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Editors Comment: Change at the top of some of retail's biggest names

Keely Stocker

Less than three months into the year, and there have already been several high-profile departures from top-level roles in the industry.

Fiona Lambert stepped down as vice-president of own-label development at Asda in January; Beth Butterwick is leaving Bonmarché and will be joining Karen Millen later in the spring; and Hugo Boss chief executive Claus-Dietrich Lahrs resigned from his role in late February, two days after the business issued a profit warning. Michael Sharp is also set to leave Debenhams, and Drapers understands an announcement on his replacement is expected in the next couple of weeks.

This week two more industry leaders announced their resignations. The managing director of Fenwick’s Bond Street flagship, David Walker-Smith, is to depart after three years at the helm, during which time he has repositioned and modernised the store.

In a Drapers Interview back in 2014, Walker-Smith was honest about the challenges he had to overcome to make this happen – including the backlash he faced when he tried to introduce music to the store (it did not go down well). Despite the trials and tribulations, he is credited with responding quickly to customer reactions and building a strong fashion team.

Over in Knightsbridge, another industry stalwart preparing his exit this week was Harrods managing director Michael Ward. Having joined the luxury department store in 2005, Ward has had a busy 11 years leading it through challenging and changing times.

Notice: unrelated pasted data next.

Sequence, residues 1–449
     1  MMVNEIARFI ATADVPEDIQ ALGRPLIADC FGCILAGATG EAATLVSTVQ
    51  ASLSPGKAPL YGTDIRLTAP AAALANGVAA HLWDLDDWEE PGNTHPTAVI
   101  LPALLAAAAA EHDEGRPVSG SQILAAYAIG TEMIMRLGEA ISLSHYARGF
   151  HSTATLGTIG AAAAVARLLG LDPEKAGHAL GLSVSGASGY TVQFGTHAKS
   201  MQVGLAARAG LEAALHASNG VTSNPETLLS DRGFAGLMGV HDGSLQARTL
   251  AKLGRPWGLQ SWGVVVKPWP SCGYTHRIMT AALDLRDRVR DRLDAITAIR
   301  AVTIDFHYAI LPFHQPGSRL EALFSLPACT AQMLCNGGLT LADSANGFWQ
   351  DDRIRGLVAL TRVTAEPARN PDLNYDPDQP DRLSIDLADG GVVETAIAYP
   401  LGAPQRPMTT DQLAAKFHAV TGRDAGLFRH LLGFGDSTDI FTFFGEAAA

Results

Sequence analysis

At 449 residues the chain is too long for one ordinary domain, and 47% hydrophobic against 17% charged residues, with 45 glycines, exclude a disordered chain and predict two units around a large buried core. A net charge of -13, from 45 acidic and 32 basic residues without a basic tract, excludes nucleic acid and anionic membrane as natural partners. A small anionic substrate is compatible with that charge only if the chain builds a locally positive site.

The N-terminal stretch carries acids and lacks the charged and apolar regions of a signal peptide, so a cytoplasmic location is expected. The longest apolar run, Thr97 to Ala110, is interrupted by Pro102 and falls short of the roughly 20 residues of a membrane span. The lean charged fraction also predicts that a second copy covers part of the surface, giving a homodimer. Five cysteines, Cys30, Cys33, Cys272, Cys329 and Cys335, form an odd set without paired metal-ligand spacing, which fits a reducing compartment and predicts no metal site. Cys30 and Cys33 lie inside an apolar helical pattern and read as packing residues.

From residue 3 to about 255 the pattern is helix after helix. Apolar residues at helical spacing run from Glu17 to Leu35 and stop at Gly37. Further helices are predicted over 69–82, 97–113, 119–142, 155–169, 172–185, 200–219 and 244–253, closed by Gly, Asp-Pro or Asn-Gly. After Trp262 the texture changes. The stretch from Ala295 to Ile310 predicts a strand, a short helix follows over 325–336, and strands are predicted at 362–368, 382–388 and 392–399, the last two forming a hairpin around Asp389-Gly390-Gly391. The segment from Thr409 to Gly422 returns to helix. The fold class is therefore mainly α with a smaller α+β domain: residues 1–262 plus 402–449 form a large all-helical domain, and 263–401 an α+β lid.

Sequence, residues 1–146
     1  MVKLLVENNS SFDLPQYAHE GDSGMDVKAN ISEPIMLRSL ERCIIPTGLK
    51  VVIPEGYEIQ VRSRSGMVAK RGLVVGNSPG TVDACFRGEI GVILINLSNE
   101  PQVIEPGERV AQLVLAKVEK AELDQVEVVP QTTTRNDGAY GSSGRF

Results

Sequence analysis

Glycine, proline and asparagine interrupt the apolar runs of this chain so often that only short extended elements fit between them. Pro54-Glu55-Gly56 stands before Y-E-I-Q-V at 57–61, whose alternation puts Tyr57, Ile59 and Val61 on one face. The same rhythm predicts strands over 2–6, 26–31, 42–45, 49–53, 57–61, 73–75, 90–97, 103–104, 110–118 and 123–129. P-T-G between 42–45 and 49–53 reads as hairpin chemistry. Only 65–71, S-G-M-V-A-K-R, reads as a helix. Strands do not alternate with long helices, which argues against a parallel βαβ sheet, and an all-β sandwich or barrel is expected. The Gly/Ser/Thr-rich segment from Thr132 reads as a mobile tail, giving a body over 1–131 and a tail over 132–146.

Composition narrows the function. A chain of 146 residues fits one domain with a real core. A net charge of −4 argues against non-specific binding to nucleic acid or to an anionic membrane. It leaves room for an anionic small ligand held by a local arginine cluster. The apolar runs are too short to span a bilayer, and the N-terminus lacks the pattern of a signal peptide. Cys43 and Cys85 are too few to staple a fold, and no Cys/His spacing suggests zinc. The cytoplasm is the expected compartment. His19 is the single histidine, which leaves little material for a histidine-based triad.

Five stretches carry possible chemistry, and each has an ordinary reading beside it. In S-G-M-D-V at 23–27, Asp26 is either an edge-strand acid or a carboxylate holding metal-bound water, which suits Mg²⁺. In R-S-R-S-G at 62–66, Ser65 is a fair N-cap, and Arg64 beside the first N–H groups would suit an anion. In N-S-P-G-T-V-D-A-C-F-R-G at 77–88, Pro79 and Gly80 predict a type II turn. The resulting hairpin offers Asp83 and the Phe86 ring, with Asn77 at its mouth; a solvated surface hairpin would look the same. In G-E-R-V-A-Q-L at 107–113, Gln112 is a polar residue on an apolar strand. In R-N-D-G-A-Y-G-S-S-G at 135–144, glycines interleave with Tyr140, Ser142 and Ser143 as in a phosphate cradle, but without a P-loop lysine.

Many say he is a charming man and speak highly of his support to others in the industry. I can concur, having met Ward a few months back when he spoke at one of our Drapers Inner Circle events. His speech demonstrated his in-depth knowledge of his luxury customer and was peppered with some amusing anecdotes about the sheer scale of purchases made at Harrods.

One of the things Ward will be recognised for at his time at Harrods is his focus on driving its growth strategy. The business has successfully increased its penetration with Chinese and Middle Eastern shoppers, and built trust with suppliers, enabling it to forge strong relationships in the notoriously challenging high-end luxury market. Often seen as the guy behind the scenes – former chief merchant Marigay McKee had a much higher profile in the public eye during her reign – Ward ensured all efforts were put into making this strategy happen. We will be watching for his next move, although it is thought that, after more than a decade in his current role, he may decide to take some time out of retailing.

With so many leadership roles in the industry now open, it will be interesting to see who ends up where and what they bring to their new businesses. We are in a time of such rapid change, the leader of any business must be dynamic and forward-thinking – but most importantly, they need get to the heart of what makes that business unique and use this to build a passionate and loyal customer base.

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